The sky is a fundamental part of many landscape pictures. The sky, in particular a blue, open sky and its blueness are usually synonyms of happiness, freedom, oxygen, deep breath and lightness.
According to Color Wheel Pro:
Blue is the color of the sky and sea. It is often associated with depth and stability. It symbolizes trust, loyalty, wisdom, confidence, intelligence, faith, truth, and heaven
Head over Colormatters.com for a more in-depth analysis of the color blue.
When people feel free, relaxed, or just need to take a rest from the troubles on earth, they look up and search for the sky. This is reflected in the pictures we take.
The sky is an important component of all things happening on earth. However, the sky is literally “out of the picture” when horrible human-driven things, such as war, oppress us humans.
Our tunnel vision leads us to focus on what happens on the ground. And the sky, again, is literally out of the picture. Let’s see what we can learn from pictures taken in the shattered (as of August 2016) city of Aleppo, Syria.
Is the sky really gone from this troubled city? Can we use Google image search to compare the skies of Aleppo with the skies of other cities? Do Google pictures betray the horror ongoing in Syria?
I decided to compare the pictures taken in Aleppo (as of August 2016) with pictures taken from other cities around the world – I will present two cities that are close to my heart: Toronto and Rome.
After a quick Google image search we (i.e. eye/brain-endowed creatures) immediately perceive the horror and destruction from these pictures.
But say that an extraterrestrial life-form had access to these pictures and this life-form was only capable of perceiving colors. What would it see? How can we quantify the differences between these pictures? How can we quantify the blueness of the sky?
How to find the sky: the rule of thirds
When people take pictures of the cities (e.g. touristic pictures), they usually include the sky in the frame, and in doing so they unconsciously follow to the rule of thirds. (Digital photography is so popular nowadays that the majority of the people have some basic photography skills…)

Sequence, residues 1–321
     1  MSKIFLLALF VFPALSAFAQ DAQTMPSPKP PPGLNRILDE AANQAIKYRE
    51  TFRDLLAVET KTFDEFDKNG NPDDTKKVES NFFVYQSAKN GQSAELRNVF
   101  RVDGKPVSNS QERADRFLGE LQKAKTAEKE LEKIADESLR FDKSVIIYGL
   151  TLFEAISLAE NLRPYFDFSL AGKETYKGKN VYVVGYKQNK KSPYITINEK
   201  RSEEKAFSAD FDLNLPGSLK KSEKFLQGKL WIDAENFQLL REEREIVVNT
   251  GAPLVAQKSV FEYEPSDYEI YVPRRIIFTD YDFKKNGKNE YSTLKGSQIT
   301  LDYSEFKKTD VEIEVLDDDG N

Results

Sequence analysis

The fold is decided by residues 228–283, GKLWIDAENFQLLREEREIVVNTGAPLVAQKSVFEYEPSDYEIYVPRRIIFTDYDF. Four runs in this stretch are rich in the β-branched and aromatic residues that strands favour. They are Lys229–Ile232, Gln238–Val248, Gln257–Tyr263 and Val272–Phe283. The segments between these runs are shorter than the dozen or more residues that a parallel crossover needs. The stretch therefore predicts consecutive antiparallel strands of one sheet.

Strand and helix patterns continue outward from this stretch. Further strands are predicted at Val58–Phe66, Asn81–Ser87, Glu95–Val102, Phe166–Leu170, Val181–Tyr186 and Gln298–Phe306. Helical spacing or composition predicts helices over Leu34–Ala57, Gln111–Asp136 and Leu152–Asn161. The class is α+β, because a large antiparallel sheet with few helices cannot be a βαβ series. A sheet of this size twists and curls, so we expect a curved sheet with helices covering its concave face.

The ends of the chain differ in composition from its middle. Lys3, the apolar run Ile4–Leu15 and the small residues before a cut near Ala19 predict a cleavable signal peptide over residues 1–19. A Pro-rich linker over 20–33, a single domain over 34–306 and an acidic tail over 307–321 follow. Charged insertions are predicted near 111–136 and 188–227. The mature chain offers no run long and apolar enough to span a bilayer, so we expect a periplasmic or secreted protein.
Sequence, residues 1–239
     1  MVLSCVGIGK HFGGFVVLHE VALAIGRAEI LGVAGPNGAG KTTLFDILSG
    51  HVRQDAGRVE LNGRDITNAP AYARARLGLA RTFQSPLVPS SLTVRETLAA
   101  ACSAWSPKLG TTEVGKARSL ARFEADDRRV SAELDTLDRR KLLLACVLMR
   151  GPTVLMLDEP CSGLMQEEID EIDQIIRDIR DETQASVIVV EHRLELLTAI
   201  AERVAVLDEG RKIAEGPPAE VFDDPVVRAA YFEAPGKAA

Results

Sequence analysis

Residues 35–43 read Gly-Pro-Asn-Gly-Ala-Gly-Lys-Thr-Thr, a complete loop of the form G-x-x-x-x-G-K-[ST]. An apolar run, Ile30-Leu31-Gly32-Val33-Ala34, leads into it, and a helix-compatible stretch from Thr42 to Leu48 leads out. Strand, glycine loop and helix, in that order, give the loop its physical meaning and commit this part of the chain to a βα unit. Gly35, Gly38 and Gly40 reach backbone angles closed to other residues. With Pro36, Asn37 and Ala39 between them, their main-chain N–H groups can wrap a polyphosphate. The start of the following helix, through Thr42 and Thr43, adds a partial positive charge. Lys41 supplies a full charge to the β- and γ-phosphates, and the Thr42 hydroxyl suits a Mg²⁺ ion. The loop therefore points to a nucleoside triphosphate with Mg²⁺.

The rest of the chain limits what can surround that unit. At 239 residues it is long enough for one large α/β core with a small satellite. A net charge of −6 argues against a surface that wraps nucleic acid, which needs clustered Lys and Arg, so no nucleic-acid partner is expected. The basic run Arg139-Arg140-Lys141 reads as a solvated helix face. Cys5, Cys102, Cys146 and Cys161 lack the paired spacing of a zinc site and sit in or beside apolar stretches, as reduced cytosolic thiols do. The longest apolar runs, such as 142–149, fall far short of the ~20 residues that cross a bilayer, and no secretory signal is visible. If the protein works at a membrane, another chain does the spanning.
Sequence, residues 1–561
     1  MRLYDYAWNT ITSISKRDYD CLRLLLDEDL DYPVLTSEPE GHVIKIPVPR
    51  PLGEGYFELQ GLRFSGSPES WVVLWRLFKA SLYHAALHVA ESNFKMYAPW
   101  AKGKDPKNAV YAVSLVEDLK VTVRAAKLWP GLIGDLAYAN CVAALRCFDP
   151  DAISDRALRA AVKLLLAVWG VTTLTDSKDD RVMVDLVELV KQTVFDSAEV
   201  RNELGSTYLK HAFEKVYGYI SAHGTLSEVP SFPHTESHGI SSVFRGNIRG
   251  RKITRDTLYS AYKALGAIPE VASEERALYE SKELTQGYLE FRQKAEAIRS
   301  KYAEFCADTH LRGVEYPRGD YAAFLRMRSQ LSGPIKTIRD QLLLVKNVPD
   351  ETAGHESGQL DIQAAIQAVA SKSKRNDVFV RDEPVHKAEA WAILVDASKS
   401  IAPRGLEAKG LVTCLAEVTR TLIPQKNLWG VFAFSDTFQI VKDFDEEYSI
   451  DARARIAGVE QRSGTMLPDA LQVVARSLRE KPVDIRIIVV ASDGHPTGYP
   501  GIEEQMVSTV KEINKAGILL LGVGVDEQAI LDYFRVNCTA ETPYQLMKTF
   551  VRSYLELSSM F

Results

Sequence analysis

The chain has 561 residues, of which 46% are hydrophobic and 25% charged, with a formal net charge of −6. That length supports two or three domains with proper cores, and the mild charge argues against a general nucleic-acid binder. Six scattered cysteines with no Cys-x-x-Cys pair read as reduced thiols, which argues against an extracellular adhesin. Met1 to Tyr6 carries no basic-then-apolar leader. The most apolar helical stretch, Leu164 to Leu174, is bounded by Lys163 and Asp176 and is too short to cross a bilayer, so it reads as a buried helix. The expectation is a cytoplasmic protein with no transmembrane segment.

By User:Moondigger – Own work, CC BY-SA 2.5, https://commons.wikimedia.org/w/index.php?curid=1084823
Due to the gravitational system we live in, 99% of the times the sky is included in the top third of the picture (unless you’re looking for more creative angles). So, splitting the image in horizontal thirds may be a rule of thumb to quickly find the sky in the pictures.
I searched for: “clear blue sky“, “sky“, “landscape with blue sky“, and a number of major cities (Rome, Toronto, Aleppo…). I then took a screenshot of the resulting page (after zooming out to ~33%).
Splitting each image into thirds
I used FIJI (read the academic paper illustrating the marvels of FIJI) to:
 automatically detect the images on the page
 split each picture into 3 thirds (top, middle, bottom)
 find the average color of each third.
This movie shows the FIJI script in action.
The script works like a charm – to my surprise …
Toronto’s pictures look nice when split in thirds. There is a good color balance and variability. The top third is definitely blue-ish.
We get a very different feeling from Aleppo’s pictures. These are definitely earthy tones (rubbles and collapsed buildings…) with very low variability.
Overall, the top third is very far from being blue..
And when we compare the median RGB Blue value (0-255) of the top thirds taken from different queries we get the overall picture.
The “Clear blue sky” query is used as the gold standard (i.e. its top third represent the 100% blue) and the other queries are scored against this standard.
So, yes.. the sky is gone from Aleppo’s pictures… so what…
This post was originally written at the beginning of August.
There’s been a lot of struggling within myself while working on this post: while I enjoyed the whole process (the hypothesis and hacking together a method for validating the hypothesis), I realized how -in reality- my process was compressing and diminishing the horror to numbers and colors…
Data visualization does not convey emotions
The truth is that (at least this is what I believe):
Data visualization is not suitable for the communication of emotions.
I have never seen a visualization (i.e. any combination of colors / shapes / numbers / animations) capable of capturing the acute human ability of reading the world through emotions.
When human lives are at stake, numbers, colors, shapes (i.e. data visualizations) are just an abstraction that suppresses the original emotions and feelings.
You can rise awareness, stimulate thought, and gain insights using a clever data visualization but the emotions still lay too deep…
Pictures and words, they do work!
So, go out there and read about Syria!